(1.) M.J. Landa, The Alien Problem and Its Remedy (London: P.S. King & Son, 1911).
(2.) In those days it was Northern Rhodesia in the Federation of Rhodesia and Nyasaland, and the final court of appeal was the Federal Court of Appeal in Harare (then Salisbury), where there was a mixture of common and Roman law systems.
(3.) There is a long history of judicial tribunals in England, it seems [see M. Mulholland and B. Pullan, eds., Judicial Tribunals in England and Europe, 1200-1700 (Manchester University Press, 2003)]. Vaughan Bevan recites an interesting provision which no government today would welcome: that if a prosecution failed, the defendant must be paid treble his costs! See also R. v. SSHD ex parte Zamir  QB 378, which showed just how far-reaching was the power to treat someone as an illegal entrant.
(4.) Aliens Act, 1905, c. 13.
(5.) See Landa, chaps. 9 and 10. Russians were returned to possible execution (Morning Leader, March 17, 1906) and in the House of Commons on March 14 "the whole work of the Home Office was being disorganized and seriously interfered with by the administration of the Act:'
(6.) Westminster Gazette, January 12, 1911.
(7.) Immigration Act, 1971. The seeds of conduct conducive to the public good as a reason for removal can be found as early as the legislation in Napoleonic times.
(8.) Immigration Appeals Act, 1969.
(9.) Cmnd 4296, 1969-70.
(10.) In most countries there is no review still from a decision by the executive relating to any immigration decision, other than one with a human rights content.
(11.) See W. Kalin, "Troubled Communication: Cross Cultural Misunderstandings in the Asylum Hearing" (1986) International Migration Review 230, and the references therein, especially to Anthony Goode.
(12.) Despite the hopeful turn with the Forced Marriage (Civil Protection) Act 2007.
(13.) In the 1980s there were some sixty adjudicators throughout the UK. There are now ten times that number, but nowhere near ten times the number of appeals.
(14.) The Court of Appeal spoke of the unusual nature of this jurisdiction in Karanakaran and in Shah and Islam: "The civil standard of proof which treats anything which probably happened as having definitely happened, is part of a pragmatic legal fiction. It has no logical bearing on the likelihood of future events or (by parity of reasoning) the quality of past ones."
(15.) Baglan UKIAT 12620 1995; Obiter in Gashi and Niqshiqi  INLR 97; Chiver (1997) INLR 212. Also see K. Jastram, "Economic, Social and Culture Rights as Grounds for a Claim for Refugee Status" (paper presented at the Research Workshop on Critical Issues in International Refugee Law, York University, Toronto, May 2008).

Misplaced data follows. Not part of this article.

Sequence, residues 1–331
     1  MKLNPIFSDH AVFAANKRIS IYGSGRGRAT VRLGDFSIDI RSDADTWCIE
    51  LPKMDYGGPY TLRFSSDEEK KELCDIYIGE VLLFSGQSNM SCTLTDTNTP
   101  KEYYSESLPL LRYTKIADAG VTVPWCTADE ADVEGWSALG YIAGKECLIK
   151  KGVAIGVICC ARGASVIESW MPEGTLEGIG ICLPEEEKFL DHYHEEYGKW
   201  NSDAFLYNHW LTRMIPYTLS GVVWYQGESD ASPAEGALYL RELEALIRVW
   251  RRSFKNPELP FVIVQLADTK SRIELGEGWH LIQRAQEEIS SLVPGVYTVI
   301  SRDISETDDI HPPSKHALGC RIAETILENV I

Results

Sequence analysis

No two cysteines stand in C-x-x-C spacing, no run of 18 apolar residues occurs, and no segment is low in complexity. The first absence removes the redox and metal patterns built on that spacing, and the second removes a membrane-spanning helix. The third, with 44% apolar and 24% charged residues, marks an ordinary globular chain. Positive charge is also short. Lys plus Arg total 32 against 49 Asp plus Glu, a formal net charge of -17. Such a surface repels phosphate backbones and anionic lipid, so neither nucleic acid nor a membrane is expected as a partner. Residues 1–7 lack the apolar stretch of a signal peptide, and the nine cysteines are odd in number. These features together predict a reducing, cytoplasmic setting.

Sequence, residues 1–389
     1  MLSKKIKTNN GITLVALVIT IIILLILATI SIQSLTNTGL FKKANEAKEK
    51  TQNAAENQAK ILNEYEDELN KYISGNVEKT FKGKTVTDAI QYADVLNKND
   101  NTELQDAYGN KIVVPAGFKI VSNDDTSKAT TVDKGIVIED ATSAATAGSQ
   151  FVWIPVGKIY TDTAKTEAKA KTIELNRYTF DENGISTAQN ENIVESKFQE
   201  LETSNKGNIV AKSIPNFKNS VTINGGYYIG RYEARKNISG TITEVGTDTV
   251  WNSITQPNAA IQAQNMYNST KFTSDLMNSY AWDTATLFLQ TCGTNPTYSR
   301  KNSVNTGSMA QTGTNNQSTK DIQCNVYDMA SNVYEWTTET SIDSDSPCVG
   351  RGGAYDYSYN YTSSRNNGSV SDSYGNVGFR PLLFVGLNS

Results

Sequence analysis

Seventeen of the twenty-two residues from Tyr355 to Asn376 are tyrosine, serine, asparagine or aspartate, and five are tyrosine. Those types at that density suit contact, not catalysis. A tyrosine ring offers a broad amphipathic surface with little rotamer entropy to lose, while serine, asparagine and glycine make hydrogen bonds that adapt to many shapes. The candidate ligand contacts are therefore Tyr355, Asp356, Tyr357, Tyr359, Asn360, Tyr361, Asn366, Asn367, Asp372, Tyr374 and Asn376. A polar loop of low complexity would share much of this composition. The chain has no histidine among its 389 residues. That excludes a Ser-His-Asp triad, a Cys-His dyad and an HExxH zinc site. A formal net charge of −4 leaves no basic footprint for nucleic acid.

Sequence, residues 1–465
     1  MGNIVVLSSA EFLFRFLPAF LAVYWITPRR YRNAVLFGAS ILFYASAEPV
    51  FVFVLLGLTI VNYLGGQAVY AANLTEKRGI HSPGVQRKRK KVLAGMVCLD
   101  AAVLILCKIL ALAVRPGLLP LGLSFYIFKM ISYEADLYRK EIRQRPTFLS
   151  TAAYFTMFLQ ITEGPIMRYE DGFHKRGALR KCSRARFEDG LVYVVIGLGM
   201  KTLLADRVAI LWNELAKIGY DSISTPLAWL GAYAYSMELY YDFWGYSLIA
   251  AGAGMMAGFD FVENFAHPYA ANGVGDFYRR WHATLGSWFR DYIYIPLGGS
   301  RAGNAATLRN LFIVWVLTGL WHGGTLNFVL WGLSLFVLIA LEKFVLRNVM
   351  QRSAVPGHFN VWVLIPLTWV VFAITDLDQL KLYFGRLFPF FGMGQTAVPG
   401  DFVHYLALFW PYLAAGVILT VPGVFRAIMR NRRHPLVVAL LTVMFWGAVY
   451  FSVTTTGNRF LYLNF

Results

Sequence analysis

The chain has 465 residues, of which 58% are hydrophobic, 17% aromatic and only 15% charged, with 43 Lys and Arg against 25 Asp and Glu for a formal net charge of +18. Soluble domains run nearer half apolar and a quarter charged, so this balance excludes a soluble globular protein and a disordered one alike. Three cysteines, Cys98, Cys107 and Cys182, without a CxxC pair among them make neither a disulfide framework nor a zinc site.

(16.) Until the House of Lords in Beoku-Betts v. Secretary of State for the Home Department put the AIT and the Court of Appeal right; see "Whole Family Affected by Removal of Immigrant," The Times (London) (July 8, 2008).
(17.) See El Kebir Conseil d'Eat (unreported).
(18.)  UKIAT 00101 and  UKLAT 00104.
(19.) BE(Iran) v. SSHD, The Times (London) (June 18, 2008).
(20.) UNHCR Handbook (1992) at [paragraph] 204.
(21.) MM[DRC] v. SSHD  UKIAT19;  ImmAR 198.
(22.) Clifford Geertz, Local Knowledge: Further Essays in Interpretive Anthropology (New York: Basic Books, 1983), 76.
(24.) Asif 1999 SCC; also, Regina Graycar, "The Gender of Judgments: An Introduction" in Margaret Thornton, ed., Public and Private: Feminist Legal Debates (Melbourne: Oxford University Press, 1995), 262.
(25.) Selliah, Federal Court of Australia, repeated in Menaa IAT.
(26.) Supra note 20.
(27.) Supra note 11. The International Association of Refugee Law Judges has at its recent conference in Cape Town agreed to propose a set of guidelines to assist judges in all jurisdictions in their approach to and reception of medically related evidence.
(28.) "Stemming the Tide or Keeping the Balance--The Role of the Judiciary" (5th Conference, International Association of Refugee Law Judges, New Zealand, October 2002) at 325.
Richard Geoffrey Care, LL.M. (London), is the former Deputy and acting Chief Adjudicator for the Immigration Appellate Authority and a Chairman, Immigration Appeal Tribunal in the UK. Among numerous other appointments, he has served as Solicitor England and Wales; President of the Law Society of Northern Rhodesia and Law Association of Zambia; President, Patents Appeal Tribunal Zambia; and Justice of the High Court of Zambia, as well as Head of the Department of Law at the University of Jos Nigeria and part-time Lecturer with SOAS University of London. Richard Geoffrey Care is the founding President of the International Association of Refugee Law Judges.
Every one of these nouns is set in high relief by the asylum judge's functions. The fear of public abuse or political displeasure, even if neither can result in dismissal; the risk of unwittingly favouring individuals who fit stereotypes with which the judge feels an affinity; the risk that affection--sympathy--will skew judgment; the risk that ill will--prejudice--may do the same; the judicial oath calls out by name these demons which lurk in all systems of adjudication, asylum prominent among them. I do not suggest that there is any nostrum against these things, though by being aware that they exist is an important start. (28)